Startling Watercolors from Germans Hitler Thwarted ART: REVIEW
Theodore F. Wolff, Monitor, The Christian Science Monitor
WATERCOLOR, because of its freedom and directness, was an ideal medium for the German Expressionists, as well as for other German and European artists of the early 20th century such as Lovis Corinth, George Grosz, and Paul Klee. Emil Nolde used the medium to particular advantage, and Karl Schmidt-Rottluff and Ernst Ludwig Kirchner did some of their best work in watercolor on paper.
Americans, however, are still relatively unfamiliar with watercolors by these artists, Klee being the big exception. Nolde is somewhat better known than the rest - mostly because of his florals and the high prices his pictures demand. The watercolors of the others, however, are shown, if at all, in conjunction with their better-known oils and prints.
One hopes this situation will be partially remedied by the exhibition of 54 major German watercolors and drawings at the IBM Gallery of Science and Art here. These intense and generally colorful works are on loan from the Detroit Institute of Arts, which has one of America's finest collections of German Expressionist art. Included are outstanding examples by the artists mentioned and by Otto Dix, Otto Mueller, Kathe Kollwitz, Max Pechstein, Christian Rohlfs, and others - most of whom were condemned by Hitler as "degenerate."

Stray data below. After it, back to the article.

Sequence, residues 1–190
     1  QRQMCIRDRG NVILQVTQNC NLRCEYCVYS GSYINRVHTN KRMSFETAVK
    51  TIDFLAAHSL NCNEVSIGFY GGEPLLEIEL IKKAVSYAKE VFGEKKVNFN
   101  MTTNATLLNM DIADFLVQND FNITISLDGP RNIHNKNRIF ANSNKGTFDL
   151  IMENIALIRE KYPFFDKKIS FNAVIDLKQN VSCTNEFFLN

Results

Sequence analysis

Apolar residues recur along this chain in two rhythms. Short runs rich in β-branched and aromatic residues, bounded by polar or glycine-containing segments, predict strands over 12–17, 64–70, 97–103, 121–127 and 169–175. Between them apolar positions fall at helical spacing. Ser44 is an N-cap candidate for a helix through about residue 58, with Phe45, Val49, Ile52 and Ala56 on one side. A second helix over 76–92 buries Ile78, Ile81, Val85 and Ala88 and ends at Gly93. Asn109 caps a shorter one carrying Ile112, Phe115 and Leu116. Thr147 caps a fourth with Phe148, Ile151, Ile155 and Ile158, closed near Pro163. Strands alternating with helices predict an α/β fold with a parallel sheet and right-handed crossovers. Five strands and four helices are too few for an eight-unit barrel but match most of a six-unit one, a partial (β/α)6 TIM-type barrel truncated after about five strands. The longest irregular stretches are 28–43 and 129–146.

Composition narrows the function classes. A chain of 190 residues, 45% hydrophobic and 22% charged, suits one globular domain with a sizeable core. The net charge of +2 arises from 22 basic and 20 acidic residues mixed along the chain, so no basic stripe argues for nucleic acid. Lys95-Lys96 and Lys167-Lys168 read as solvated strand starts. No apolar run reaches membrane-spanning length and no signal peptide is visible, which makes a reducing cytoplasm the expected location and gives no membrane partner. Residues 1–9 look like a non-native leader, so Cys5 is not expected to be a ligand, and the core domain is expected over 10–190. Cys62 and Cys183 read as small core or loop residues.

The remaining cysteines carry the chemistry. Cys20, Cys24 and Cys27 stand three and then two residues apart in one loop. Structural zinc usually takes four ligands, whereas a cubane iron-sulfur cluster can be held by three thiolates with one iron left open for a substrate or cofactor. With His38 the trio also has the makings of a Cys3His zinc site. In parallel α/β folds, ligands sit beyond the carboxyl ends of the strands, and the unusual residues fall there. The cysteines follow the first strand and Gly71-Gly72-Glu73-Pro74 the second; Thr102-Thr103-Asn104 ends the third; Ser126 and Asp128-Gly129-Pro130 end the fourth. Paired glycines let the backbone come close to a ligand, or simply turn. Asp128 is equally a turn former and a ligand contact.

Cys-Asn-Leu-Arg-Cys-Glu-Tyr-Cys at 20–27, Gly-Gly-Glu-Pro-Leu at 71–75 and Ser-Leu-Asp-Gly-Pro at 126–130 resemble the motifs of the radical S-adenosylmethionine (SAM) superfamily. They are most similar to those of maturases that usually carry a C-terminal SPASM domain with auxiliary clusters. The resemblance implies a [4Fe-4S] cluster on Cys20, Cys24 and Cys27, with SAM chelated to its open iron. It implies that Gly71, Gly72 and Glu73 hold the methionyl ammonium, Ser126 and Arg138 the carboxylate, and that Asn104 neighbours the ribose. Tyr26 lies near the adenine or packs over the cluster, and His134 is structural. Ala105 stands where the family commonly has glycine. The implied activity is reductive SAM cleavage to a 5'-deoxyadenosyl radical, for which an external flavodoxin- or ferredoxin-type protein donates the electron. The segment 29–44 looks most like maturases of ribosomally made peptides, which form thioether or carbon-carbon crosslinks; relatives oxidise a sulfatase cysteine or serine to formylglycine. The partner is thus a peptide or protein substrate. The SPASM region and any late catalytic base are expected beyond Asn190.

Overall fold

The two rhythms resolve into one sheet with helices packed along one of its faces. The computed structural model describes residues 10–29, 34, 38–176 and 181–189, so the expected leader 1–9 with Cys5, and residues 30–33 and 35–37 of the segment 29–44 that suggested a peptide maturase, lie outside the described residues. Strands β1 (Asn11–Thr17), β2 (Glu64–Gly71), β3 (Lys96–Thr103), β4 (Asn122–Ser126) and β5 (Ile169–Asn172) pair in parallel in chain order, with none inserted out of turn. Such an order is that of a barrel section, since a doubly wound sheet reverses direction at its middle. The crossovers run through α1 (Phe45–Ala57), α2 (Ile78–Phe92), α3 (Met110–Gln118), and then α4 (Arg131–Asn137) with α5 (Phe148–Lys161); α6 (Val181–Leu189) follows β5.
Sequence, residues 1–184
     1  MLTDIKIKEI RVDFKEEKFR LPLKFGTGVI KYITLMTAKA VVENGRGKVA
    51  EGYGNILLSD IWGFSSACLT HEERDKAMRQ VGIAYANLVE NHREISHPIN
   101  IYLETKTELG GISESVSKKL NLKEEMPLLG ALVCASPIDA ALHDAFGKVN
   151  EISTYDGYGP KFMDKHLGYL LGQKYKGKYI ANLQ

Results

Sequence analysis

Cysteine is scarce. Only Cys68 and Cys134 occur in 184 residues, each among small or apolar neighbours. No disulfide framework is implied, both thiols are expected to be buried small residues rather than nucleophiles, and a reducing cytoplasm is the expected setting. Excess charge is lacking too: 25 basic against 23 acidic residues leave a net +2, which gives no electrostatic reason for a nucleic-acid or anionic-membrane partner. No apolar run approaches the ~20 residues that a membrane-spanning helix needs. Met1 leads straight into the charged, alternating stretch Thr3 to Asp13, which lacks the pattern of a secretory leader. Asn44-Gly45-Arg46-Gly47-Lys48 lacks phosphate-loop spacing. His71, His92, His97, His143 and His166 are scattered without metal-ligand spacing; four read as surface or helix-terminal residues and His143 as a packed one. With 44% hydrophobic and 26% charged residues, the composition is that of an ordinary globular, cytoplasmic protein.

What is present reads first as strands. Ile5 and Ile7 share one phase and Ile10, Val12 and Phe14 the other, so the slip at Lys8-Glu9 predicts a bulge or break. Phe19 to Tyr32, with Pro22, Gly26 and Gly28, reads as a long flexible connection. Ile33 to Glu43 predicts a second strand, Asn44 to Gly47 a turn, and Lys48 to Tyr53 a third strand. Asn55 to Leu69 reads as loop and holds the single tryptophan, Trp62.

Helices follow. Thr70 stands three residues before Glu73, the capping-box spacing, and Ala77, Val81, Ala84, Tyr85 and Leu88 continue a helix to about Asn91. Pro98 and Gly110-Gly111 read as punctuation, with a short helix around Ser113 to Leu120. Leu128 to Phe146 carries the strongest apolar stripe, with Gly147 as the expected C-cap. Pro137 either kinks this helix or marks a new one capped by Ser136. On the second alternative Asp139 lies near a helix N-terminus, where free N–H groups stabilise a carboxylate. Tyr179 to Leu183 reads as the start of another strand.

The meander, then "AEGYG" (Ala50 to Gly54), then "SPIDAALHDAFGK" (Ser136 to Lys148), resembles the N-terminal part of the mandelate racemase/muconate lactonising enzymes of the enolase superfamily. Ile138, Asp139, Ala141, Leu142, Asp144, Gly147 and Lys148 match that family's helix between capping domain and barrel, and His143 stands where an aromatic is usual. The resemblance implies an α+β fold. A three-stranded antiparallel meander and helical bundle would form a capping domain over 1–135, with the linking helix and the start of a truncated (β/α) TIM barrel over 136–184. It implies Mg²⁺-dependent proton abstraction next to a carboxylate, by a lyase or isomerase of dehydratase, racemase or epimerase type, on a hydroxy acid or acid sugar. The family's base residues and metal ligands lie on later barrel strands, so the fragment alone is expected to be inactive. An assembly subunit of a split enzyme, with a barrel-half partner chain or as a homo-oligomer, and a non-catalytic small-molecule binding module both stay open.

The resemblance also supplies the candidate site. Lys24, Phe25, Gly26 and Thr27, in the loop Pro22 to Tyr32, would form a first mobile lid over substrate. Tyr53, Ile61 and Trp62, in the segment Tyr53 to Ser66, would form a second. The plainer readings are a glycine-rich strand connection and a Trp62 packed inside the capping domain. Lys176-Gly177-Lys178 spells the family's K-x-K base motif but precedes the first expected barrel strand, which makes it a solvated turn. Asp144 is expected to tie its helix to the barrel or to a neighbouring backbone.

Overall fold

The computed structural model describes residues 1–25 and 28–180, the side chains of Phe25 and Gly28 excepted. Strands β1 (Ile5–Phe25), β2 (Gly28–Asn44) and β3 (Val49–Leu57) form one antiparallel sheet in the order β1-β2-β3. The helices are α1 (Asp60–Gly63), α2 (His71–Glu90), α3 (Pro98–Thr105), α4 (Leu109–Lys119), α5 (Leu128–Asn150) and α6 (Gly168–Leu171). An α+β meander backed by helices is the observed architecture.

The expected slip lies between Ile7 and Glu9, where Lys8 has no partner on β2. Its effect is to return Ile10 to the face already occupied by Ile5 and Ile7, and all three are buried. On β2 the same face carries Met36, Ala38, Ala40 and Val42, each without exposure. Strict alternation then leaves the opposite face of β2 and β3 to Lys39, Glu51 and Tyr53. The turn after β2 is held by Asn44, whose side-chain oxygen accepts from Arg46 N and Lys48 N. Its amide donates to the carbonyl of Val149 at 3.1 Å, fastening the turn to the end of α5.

The exhibition celebrates the memory of Wilhelm R. Valentiner (1880-1958), who, as director of the Detroit Institute of Arts, was among the first in the United States to exhibit modern German paintings and encourage collectors to buy them.
During the 1930s, when French painting dominated the world art market, Mr. Valentiner presented more than a dozen exhibitions of German Expressionist art. This helped introduce the work of these artists, and brought them recognition at a time when they needed it most.
Although both groups of seminal Expressionists - "Die Brucke" and "Die Blaue Reiter" - are represented in this show, only the former has a solid selection of works. Dominating this group - and the exhibition - are nine outstanding watercolors by Nolde, including several florals and portraits, and fine examples by Kirchner and Schmidt-Rottluff. Unfortunately, "Die Blaue Reiter" is represented by only one piece, a not very spectacular figure study by August Macke.
As always, Nolde makes his point with the simplest of means. So do Klee and Kollwitz, the artists who stand furthest apart from the rest - Klee because of his formal approach, Kollwitz because of her sophisticated and impassioned draftsmanship. …